But instead of dreading our drive and complaining about the potholes, what would happen if one at a time, we repaired them? Even if you only fill one a week, the route will get smoother and smoother until you can travel it quickly. It doesn’t wear on your nerves or your vehicle.  And you find you have more time and energy for other things, bigger and better things. And because the potholes are not slowing you down, instead of dreading the drive, you now actually look forward to it.

This is what James Clear meant about creating a physical environment that sets you up for success.

But how do we begin to fill those potholes in life? Those little annoying things that get under our skin and keep us from wanting to move forward with getting to our destination? The first step is to identify them using our resistance to them as a guide. Anything that makes you cringe and want to procrastinate a task is a pothole. The resistance you feel toward that task is the indicator. It can be as simple as dealing with the day’s mail, or as big as undertaking a large renovation or business project.

For example, I highly dislike hanging clothes in my closet. I know, it takes less than 5 min most of the time. However, I’ve always disliked this task and I didn’t really know why. When I employed some thought about why I resist this miniscule job, I realized two things- I don’t like fighting all the clothes in my closet and finding an appropriate style hanger for the item that needs hung seems like an impossible task. While I can’t do a whole lot about all the stuff in my closet (it’s a shared closet with my husband) I probably could use to get rid of a few things. But I didn’t have time or energy for a closet purge. Maybe another day. But what about finding a hanger? Instead of leaving the hanger where it was, I could put it in a designated location in the closet so I can quickly find the right type of hanger when it’s time to hang clothes up. Simple, quick, easy, and free. My kind of solution. While I may have not fixed all the potholes in the road, I fixed one, and that makes getting the task done just a little easier.  And who knows, I may be a little more motivated to purge my closet when it’s easier to put things away.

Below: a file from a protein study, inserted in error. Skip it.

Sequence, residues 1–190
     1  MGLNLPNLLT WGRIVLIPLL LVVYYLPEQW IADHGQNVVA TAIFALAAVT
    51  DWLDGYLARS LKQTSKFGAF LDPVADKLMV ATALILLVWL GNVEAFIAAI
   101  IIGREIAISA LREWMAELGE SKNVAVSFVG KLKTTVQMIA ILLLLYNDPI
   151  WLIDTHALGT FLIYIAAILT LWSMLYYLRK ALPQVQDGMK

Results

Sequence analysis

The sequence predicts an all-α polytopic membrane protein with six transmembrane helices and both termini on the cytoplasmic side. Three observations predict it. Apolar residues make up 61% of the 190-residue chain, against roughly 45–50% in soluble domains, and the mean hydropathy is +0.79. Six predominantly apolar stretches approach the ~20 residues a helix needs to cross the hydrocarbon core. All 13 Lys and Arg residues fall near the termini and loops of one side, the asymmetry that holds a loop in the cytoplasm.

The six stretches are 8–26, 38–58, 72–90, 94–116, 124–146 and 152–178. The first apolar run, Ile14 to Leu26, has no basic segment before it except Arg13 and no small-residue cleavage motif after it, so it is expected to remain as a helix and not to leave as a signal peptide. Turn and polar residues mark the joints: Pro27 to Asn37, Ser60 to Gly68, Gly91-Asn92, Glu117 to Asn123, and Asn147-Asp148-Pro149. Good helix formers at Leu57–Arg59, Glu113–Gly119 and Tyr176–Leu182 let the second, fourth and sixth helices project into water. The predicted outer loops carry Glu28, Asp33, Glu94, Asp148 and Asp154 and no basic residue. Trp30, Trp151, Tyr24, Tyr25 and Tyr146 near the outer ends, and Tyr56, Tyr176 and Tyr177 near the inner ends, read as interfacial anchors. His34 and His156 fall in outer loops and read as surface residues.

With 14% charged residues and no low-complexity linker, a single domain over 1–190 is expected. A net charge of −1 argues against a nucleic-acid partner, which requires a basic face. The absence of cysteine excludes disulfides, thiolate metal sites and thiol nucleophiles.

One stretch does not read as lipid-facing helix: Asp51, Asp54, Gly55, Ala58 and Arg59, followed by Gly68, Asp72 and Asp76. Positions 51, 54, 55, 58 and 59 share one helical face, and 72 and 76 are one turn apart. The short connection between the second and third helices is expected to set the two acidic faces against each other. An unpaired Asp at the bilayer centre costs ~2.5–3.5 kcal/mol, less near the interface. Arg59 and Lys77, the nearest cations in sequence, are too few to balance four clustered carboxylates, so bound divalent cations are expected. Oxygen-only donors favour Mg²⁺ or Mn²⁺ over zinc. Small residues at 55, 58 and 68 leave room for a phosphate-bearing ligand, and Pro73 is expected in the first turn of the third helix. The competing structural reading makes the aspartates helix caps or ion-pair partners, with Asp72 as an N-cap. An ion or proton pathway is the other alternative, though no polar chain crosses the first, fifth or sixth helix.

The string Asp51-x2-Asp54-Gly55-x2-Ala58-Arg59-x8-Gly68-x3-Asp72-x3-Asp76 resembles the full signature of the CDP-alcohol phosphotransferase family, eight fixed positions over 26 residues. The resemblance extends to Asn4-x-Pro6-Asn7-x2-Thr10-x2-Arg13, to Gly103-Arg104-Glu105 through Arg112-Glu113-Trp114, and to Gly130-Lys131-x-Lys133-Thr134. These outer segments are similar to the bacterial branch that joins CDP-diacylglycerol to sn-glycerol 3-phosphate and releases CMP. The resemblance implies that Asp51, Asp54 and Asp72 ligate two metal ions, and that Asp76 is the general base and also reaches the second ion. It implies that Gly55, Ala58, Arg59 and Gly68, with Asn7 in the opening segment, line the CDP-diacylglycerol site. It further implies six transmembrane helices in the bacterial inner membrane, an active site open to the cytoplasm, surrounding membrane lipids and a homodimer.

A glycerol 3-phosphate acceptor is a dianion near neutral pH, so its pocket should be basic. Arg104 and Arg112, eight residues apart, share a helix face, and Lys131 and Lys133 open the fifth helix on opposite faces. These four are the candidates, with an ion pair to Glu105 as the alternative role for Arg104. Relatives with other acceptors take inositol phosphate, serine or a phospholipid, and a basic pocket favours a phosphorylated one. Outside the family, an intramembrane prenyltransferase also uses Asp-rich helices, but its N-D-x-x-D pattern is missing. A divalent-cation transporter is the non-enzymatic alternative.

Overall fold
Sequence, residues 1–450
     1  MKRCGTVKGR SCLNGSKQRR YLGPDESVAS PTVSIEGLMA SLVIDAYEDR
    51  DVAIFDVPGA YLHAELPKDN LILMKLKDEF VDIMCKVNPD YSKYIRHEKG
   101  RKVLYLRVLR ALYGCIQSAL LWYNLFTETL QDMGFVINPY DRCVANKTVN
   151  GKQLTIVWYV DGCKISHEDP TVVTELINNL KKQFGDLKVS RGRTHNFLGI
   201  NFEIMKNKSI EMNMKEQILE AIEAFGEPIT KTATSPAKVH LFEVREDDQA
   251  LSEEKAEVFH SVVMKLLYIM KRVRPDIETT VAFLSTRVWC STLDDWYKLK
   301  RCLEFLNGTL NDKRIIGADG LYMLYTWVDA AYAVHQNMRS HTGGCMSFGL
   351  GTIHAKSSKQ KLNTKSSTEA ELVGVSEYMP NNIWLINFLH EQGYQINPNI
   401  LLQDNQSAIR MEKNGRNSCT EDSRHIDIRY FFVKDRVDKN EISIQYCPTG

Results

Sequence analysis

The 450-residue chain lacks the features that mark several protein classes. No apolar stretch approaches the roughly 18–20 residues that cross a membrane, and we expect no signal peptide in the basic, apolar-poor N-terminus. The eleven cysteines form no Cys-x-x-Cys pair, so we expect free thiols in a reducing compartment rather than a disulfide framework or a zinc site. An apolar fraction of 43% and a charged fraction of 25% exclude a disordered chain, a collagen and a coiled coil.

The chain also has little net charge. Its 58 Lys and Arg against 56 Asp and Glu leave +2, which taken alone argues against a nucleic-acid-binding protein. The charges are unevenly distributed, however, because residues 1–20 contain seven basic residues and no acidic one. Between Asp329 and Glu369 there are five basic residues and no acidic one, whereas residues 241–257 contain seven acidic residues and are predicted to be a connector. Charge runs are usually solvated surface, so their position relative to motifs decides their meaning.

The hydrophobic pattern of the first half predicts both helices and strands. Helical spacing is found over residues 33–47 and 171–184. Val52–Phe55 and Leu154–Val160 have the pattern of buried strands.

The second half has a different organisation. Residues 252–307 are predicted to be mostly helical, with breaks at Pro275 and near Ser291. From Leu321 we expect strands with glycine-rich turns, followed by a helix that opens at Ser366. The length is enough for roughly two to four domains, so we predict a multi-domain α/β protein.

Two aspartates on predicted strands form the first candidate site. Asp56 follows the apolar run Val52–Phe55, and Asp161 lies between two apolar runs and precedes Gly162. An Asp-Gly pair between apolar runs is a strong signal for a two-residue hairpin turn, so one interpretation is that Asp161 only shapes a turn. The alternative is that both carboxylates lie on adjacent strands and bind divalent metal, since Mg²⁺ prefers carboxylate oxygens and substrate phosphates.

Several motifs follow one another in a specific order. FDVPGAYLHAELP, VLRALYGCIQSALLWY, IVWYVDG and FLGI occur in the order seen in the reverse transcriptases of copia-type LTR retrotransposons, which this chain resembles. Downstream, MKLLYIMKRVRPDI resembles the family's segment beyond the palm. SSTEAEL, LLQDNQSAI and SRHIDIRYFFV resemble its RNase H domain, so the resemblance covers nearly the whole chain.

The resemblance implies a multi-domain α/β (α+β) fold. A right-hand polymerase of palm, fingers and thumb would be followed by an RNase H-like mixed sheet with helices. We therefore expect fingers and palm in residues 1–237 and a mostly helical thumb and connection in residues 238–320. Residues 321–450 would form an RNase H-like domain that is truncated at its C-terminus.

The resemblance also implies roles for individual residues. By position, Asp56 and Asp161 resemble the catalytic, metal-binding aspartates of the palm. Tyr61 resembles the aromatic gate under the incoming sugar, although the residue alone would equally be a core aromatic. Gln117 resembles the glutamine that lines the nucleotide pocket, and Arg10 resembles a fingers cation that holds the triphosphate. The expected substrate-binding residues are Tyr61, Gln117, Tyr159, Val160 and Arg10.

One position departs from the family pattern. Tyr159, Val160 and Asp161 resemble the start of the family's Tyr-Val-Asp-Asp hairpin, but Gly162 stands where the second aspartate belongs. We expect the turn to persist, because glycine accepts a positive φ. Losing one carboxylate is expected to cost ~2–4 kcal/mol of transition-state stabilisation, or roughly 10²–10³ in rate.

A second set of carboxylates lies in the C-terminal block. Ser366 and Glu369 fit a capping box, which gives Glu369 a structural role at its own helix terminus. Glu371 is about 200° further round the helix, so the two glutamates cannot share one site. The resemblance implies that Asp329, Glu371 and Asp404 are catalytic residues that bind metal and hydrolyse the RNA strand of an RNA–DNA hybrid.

Some of you are probably rolling your eyes because this seems like common sense. But to some of us who were not necessarily taught how to be efficient and organized, this simple mind set shift can be earth shattering.  And one little step in the right direction gets the ball rolling. Fixing one pothole makes the trip that much smoother and gives you the chance to fix the next one. The road gets a little smoother, you pick up some speed and then you fix another one. And it keeps growing. As you go, you get better and better at identifying things that cause resistance and become better and better at fixing them. The trip then actually becomes enjoyable.

So, if you are like me and are looking for simple ways to improve your quality of life, I encourage you to examine the areas that cause you resistance closely. What do you resist doing? Why? Is it because of poor tool placement or organization? A skill that you lack? Maybe you have simply not taken the time to think through what the next steps are on a large project? Then figure out how to remedy that situation. Reorganize your workspace. Buy an organizational device if you need to. Take a class to learn the skill. Or cheaper yet, see if you can learn how to do it online. YouTube is like free mini skill share classes. Take 10-15 minutes and break that large project out into the steps needed to bring it to fruition, then take action on the next step.

There is no doubt about it that life will throw you roadblocks, and unfortunately sometimes we can’t do anything about them. But don’t put off your journey because of potholes. Go fill them and enjoy the trip!

Amanda